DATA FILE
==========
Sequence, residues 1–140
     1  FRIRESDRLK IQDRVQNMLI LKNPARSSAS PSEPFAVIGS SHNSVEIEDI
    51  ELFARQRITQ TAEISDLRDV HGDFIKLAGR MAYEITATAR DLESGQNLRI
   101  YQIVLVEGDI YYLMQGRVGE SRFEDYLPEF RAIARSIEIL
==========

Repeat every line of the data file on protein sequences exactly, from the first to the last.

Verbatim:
Sequence, residues 1–140
     1  FRIRESDRLK IQDRVQNMLI LKNPARSSAS PSEPFAVIGS SHNSVEIEDI
    51  ELFARQRITQ TAEISDLRDV HGDFIKLAGR MAYEITATAR DLESGQNLRI
   101  YQIVLVEGDI YYLMQGRVGE SRFEDYLPEF RAIARSIEIL